An escape-proof pig pen
I raised pigs in the past and had great success. (Giving pork away since I had too much) I was traveling a lot for work and the babies would get out and root up the neighbors yard while I was gone and my wife couldn’t keep them contained so I got rid of them. I want to make a concrete floor block knee wall pen for them separated so I can separate the male and female when I need to. Any suggestions? I would make a “pool” in the floor for them to keep cool. It will be covered also. How big for one pig (male) and a mother with babies. I would keep a few babies and sell any excess when they are old enough. Any suggestions?
I’d like to see adult pigs to have at least a 12×12-foot pen for each. A sow and babies could share this pen if it had a corner blocked off for a creep-away-from-mom area to avoid crushing and let them begin to eat solid food on their own. You could make your block walls only a block high with posts set in the concrete floor, up through blocks, set in the concrete to keep them from rooting under and use boards or stock panels for the fencing. Pigs are very strong animals who love to root; it’s their nature.
I don’t think I’d make a pool for them as it tends to get real messy real fast. Instead, spray the pigs down or spray the concrete on hot days and make sure they have plenty of shade. — Jackie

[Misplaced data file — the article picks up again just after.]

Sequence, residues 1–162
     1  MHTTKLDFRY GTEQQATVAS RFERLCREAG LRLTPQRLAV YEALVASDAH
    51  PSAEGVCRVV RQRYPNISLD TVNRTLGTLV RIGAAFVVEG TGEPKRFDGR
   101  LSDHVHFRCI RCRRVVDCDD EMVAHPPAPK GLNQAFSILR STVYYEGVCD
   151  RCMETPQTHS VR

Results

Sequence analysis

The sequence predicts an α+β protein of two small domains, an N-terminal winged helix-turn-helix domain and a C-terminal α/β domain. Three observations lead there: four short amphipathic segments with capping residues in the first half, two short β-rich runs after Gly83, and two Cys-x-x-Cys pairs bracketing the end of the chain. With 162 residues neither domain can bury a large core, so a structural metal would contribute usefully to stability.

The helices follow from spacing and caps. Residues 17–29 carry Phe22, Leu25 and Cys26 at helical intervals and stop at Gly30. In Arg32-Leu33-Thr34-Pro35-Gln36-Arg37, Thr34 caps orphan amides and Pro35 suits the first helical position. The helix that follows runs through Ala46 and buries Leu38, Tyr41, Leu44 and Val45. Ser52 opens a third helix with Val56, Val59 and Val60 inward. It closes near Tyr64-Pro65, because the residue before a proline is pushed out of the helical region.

Canning fast-food chicken
I have recently made a deal with a fast food chicken restaurant. At the end of the day, they will put all unsold fried and broiled chicken in freezer bags and save them in the freezer for me to pick up the next day. I have been de-breading the chicken, cutting it up into pieces, and canning it.
I thaw it out in the fridge, keep everything sanitized, and pressure can the chicken. I make the stock from the bones of the chickens. I’ve pressured canned about 14 pints and 6 quarts so far.
My question: Is this a safe practice? (It sure is good and I can’t beat the price – free.)
Good for you, Kathy! Free is my favorite price. Yes, this is fine. If you’d eat there, the chicken is okay for you to hold in the freezer, thaw, and can up. — Jackie
I was looking at my 2013 seed catalogs today and notice the ads for the “grafted vegetable plants.” In theory it sounds good but I wonder what you think. The price is pretty high, too, and don’t know if the benefits would be worth the cost.
Fergus Falls, Minnesota
Sorry (seed companies), but I really don’t think grafted vegetable plants are worth the price to homesteaders. The photos of ungrafted vs. grafted plants are really misleading. None of my ungrafted tomato plants look at all like those shown! I’d think I was doing something wrong! As mine are super productive, I can’t see any reason to pay that much for grafted plants. In a commercial situation…maybe. A big maybe. They’re still expensive. — Jackie